King Richard had six Oscar nominations, including Best Film, Best Actor for Will Smith, Best Editing and Best Original Screenplay. Will Smith won the Oscar Best Actor award, as well as a BAFTA. It is director Reinaldo Marcus Green’s first feature film and he has won an award as Breakout Director from the African-American Film Critics Association. Based on the true story that will inspire the world, King Richard follows the uplifting journey of a family whose unwavering resolve and unconditional belief ultimately delivers two of the world’s greatest sports legends, the tennis champion Williams sisters. Armed with a clear vision and a brazen 78-page plan, Richard Williams is determined to write his daughters, Venus and Serena, into history. Training on Compton, California’s neglected tennis courts–rain or shine–the girls are shaped by their father’s unyielding commitment and their mother’s balanced perspective and keen intuition, defying the seemingly insurmountable odds and prevailing expectations laid before them.
Williams, as charismatically portrayed by Smith, is overwhelming. Obstinate. Bold. Savvy. Pugnacious. Selfless in that special way that somehow veers right back around to selfishness. On the subject of Venus and Serena, who he believes will be the future of tennis, he is also absolutely correct. Which leads to another of his standout qualities: He knows it. King Richard sayeth that these women will rule the world of sports. And they do. Williams’ fearsome need to do for his five daughters what his own father denied him is King Richard’s salient dramatic spark. It’s the scaffolding of the character and, accordingly, the movie. It’s the essence of who the movie says the man is.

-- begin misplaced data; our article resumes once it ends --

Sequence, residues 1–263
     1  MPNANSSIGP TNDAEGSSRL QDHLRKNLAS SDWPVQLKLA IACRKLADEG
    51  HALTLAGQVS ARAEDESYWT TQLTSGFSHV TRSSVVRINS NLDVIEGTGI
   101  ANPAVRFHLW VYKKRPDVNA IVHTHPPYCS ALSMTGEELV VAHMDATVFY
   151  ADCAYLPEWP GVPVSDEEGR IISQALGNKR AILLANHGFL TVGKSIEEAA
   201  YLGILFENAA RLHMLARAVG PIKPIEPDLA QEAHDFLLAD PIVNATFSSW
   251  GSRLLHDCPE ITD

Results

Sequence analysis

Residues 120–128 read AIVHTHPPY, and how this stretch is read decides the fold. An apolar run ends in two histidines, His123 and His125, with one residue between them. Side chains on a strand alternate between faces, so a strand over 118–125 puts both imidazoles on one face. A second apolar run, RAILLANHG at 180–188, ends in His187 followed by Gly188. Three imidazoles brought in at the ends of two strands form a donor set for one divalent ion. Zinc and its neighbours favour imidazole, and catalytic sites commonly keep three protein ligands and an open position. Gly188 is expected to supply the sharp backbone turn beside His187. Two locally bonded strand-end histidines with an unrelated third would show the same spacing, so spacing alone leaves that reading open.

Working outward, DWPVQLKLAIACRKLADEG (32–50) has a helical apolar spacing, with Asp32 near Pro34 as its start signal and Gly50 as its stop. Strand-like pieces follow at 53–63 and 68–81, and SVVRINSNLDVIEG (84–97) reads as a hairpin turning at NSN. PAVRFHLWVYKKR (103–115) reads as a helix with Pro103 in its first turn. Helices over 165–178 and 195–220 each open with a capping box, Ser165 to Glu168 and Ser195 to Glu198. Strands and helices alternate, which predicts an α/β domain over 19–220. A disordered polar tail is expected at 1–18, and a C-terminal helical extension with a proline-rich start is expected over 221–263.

There’s a strong, straightforward drama coursing through the heart of the movie, the predictable but satisfying undulation of the underdog story arc — in sum, the stuff that makes sports movies such reliable vehicles for tear-jerking, riveting storytelling. The world of tennis, and the prejudices that come with it, proves a key ingredient. Here, it is a world beset with stereotypes that have a twinge of satire, as during a succession of scenes in which every one of Venus’ white competitors storms off after losing, like entitled brats. The country clubs with their pools and high-end burgers, the Rick Macci tennis camp, the home the Williams are given to live in while they train: all of it stands in, not inaccurately, for the whiteness of the entire sport, the ease with which money is both a barrier and an expectation.
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Venue: William Loveless Hall